Cause of chronic fatigue?

23 October 2011


Human lymphocyteA patient receiving treatment for lymphoma simultaenously recovered from chronic fatigue syndrome, revealing a novel way to combat the conditions, researchers have revealed.

Chronic fatigue syndrome (CFS), also known as ME (myalgic encephalomyelitis),  is associated with a constellation of symptoms that include severe unexplained exhaustion, disturbed sleep, headaches, muscle and joint pains as well as cognitive, sensory and even bowel disturbances. The cause of the condition, however, remains unknown. But now Norwegian scientists have found evidence to suggest that the disease may have an immune cause that can be treated by temporarily removing one class of white blood cells, called B lymphocytes, from the body.

Writing in PLoS One, Haukeland University Hospital, Bergen-based researcher Olav Mella and his colleagues decribe a double-blind clinical trial in which 30 patients diagnosed with CFS were randomly assigned to receive either a B lymphocyte-depleting drug called rituximab, or a placebo. Followed up over 12 months, 67% of the patients in the rituximab arm of the trial showed significant improvements in their own as well as physician-based assessments of their condition. Only one patient in the placebo group showed similar improvements. This strongly suggests that CFS has an immunological underpinning, which fits with the onset often following an antecedent infection of some kind.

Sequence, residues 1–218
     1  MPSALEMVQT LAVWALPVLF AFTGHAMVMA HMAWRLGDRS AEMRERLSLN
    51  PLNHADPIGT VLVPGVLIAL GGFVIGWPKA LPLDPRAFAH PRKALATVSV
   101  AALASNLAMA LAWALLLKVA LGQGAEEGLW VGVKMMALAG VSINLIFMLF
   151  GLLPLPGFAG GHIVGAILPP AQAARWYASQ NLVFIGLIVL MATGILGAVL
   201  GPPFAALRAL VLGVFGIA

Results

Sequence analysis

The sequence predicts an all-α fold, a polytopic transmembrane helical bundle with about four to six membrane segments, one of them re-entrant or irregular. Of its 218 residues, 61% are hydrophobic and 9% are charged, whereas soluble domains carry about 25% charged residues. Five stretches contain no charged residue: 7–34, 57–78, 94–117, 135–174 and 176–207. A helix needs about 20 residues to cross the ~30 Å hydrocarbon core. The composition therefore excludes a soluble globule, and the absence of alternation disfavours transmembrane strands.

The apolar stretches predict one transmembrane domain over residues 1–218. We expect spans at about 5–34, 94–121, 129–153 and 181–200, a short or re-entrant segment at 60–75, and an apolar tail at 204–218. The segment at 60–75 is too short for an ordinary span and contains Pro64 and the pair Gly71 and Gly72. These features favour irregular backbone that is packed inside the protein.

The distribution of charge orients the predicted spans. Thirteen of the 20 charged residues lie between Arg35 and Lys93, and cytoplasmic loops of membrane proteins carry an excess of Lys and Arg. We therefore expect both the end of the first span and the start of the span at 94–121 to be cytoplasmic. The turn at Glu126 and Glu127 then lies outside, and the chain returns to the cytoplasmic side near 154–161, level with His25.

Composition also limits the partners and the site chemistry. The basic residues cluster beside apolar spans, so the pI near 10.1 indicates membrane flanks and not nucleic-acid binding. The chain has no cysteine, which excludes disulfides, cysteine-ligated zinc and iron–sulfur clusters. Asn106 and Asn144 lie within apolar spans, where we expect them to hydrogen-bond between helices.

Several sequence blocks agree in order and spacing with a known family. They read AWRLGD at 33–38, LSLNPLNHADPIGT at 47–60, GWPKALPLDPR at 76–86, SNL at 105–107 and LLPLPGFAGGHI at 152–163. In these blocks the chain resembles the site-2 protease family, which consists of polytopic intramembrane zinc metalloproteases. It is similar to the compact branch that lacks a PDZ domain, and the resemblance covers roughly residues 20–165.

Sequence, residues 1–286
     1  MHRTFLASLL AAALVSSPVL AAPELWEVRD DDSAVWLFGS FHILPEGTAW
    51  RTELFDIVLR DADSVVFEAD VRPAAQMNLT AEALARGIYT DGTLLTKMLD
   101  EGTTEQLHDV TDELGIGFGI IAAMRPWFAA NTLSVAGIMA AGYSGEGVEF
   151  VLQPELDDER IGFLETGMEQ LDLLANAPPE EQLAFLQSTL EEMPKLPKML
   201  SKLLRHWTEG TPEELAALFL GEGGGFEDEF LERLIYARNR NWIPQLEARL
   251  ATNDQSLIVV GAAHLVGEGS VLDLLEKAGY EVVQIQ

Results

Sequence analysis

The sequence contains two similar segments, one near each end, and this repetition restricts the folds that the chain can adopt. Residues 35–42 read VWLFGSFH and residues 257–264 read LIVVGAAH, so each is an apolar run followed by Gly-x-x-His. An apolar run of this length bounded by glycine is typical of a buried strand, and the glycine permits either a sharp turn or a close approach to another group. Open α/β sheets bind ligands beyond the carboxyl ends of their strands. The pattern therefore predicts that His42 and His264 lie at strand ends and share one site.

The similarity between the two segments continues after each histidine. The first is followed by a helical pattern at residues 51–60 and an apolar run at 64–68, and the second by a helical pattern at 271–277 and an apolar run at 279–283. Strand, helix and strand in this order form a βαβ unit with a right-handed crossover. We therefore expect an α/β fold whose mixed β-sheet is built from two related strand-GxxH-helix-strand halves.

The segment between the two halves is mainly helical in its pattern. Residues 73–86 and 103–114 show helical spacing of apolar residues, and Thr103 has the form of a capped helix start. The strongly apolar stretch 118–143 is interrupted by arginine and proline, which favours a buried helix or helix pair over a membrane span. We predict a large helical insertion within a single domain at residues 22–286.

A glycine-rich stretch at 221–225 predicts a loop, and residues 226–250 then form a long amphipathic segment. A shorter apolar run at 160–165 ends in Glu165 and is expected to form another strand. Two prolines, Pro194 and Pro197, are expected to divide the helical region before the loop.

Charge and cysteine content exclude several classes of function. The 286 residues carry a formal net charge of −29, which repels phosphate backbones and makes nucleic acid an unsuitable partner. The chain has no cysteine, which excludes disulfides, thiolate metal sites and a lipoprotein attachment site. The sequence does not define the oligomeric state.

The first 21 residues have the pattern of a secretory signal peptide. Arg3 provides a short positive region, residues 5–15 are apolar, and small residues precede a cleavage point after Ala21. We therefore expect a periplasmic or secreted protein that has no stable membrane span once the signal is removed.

Interestingly, the rituximab-treated patients only began to show improvements in their symptoms after about 3 months. This, say the scientists, would be consistent with the time it takes for antibodies released previously into the blood by the B cells to disappear.

The trial was initiated in the first place after the researchers administered rituximab to a patient with lymphoma, a cancer of B lymphocytes. The patient was delighted when his CFS, from which he was also suffering, simultaneously regressed alongside the lymphoma. This spurred the team to set up the present trial, the results from which, they say, strongly suggest that CFS has an immune cause and "will impact future research efforts" into the condition.


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